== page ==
When someone you love is diagnosed with Alzheimer’s or Dementia, the news sends a wave of emotions through the entire family. Learning to care for your loved one who is experiencing these issues can be a very laborious, emotional, and unpredictable task.
At Leading Home Care, we want you to know that you are not alone in this situation. We have a team of caregivers dedicated to helping provide your loved one with the best care possible, such as cognitive care. Because Alzheimer’s and Dementia attack the memories of those who live with it, we encourage family members to stay involved in the care of those who are sick.
So, we put together a few tips to assist family members in learning different ways to care for their loved ones.
1. Develop a Daily Routine
When caring for someone with Alzheimer’s or Dementia, it is helpful to establish a daily routine. Setting routines can help you discover which times of the day are better for your loved one. If they are more aware and at ease during the daytime, getting the more difficult tasks done earlier in the day will be easier.
2. Create a Safe Space
As the disease progresses, people with Alzheimer’s or Dementia may begin to pose potential risks to themselves and others. Therefore, it’s important to ensure your loved one’s home is essentially child-proof.
- Lock away potentially harmful items, such as chemicals, firearms, matches, medications, and knives.
- Move extension cords and other items that may contribute to falls.
- Put locks on all windows and doors leading outside of the home to prevent wandering.
3. Give Your Loved One Choices
Sometimes, giving your loved one different options to choose from can help make frustration-causing tasks go a bit smoother. Whether it is about meals or clothing, giving your loved one the ability to choose what they would rather eat or wear for the day can make all the difference.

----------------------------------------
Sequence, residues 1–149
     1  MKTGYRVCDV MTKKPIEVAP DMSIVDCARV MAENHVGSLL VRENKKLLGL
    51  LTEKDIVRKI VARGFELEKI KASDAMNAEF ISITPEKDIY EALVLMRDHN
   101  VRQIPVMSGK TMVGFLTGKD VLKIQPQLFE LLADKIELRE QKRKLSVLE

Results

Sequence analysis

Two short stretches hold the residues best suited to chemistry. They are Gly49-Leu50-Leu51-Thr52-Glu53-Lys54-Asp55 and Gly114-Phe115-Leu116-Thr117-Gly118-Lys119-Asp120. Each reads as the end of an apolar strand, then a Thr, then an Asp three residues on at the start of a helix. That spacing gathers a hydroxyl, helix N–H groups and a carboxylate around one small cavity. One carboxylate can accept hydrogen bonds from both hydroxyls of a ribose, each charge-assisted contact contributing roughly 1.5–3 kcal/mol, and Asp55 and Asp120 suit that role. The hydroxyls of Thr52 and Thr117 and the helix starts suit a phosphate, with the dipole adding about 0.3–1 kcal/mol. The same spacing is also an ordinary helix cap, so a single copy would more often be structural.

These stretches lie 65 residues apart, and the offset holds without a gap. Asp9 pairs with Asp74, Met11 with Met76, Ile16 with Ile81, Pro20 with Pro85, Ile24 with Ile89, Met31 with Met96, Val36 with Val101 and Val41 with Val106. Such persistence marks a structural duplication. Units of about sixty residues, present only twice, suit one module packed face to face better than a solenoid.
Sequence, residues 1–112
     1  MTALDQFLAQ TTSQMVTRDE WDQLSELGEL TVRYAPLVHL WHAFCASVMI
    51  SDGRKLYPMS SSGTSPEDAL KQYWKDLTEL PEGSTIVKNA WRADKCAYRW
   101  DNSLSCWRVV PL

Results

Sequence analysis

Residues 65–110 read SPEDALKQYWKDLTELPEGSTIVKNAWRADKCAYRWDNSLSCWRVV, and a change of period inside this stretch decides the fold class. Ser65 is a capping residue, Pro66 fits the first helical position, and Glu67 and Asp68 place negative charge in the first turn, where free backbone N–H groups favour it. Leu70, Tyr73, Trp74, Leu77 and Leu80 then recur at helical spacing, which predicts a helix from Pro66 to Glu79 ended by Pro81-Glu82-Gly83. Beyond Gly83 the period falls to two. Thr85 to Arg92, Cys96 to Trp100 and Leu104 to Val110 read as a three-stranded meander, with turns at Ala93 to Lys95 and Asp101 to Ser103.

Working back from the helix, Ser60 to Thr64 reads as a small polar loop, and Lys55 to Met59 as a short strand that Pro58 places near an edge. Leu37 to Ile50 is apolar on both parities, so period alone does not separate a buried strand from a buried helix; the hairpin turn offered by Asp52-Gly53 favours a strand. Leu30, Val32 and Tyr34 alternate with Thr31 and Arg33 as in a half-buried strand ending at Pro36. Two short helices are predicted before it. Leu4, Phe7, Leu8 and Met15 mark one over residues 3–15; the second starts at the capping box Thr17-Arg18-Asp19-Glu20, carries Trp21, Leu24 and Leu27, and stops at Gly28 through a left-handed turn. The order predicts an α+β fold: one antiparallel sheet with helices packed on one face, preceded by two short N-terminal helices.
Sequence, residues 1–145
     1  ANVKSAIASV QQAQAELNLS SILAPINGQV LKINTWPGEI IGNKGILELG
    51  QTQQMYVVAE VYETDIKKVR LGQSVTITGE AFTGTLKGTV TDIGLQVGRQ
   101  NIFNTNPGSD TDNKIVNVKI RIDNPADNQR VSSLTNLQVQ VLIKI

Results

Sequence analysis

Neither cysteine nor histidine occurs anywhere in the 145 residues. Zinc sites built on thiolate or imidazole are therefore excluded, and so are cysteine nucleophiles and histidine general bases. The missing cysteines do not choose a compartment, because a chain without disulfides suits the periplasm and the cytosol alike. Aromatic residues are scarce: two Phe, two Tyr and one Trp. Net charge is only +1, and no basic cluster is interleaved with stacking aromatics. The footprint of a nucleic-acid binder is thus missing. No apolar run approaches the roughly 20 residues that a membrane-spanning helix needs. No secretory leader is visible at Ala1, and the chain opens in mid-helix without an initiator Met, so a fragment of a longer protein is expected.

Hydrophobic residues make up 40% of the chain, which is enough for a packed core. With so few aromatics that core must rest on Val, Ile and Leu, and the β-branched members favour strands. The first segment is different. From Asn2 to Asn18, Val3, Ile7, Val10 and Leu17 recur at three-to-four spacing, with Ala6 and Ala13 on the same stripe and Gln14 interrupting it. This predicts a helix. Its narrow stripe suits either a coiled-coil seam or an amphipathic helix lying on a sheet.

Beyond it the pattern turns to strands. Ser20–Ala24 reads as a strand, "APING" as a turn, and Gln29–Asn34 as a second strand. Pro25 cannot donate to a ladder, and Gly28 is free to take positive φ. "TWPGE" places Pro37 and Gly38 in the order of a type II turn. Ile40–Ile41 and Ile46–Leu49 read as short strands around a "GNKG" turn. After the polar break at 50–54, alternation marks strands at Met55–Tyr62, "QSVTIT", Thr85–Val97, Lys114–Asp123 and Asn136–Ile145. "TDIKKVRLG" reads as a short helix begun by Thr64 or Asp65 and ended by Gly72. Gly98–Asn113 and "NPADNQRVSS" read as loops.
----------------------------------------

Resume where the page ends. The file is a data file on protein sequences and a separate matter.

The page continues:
4. Have Lots of Patience
If your loved one struggles to recognize you or has trouble remembering things you’ve discussed with them, try not to get upset or make it seem like something is wrong with them for not remembering. Instead, always respond in a calm and understanding way. Be patient if you have to repeat yourself multiple times, and if your relative is unsure of who you are, reassure them that they are safe with you and confirm their feelings.
5. Focus on Their General Health
While you are focusing on the emotional health of your loved one, don’t overlook their physical health. Promoting a healthy lifestyle through exercise, stress management, and a proper diet can help slow down the progression of different symptoms caused by Alzheimer’s and Dementia.
Leading Cognitive Care You Can Trust
Caring for a loved one with Alzheimer’s or Dementia can be an overwhelming task for family members to handle on their own. You may sometimes feel burnt out or need a bit of rest. Leading Home Care is here for you whether you need a long-deserved break or just additional assistance caring for your loved one. We offer personalized cognitive care services specifically tailored to the needs of your loved one so you don’t have to worry. Give your local Leading Home Care office a call to learn more about how we can help take this weight off your shoulders.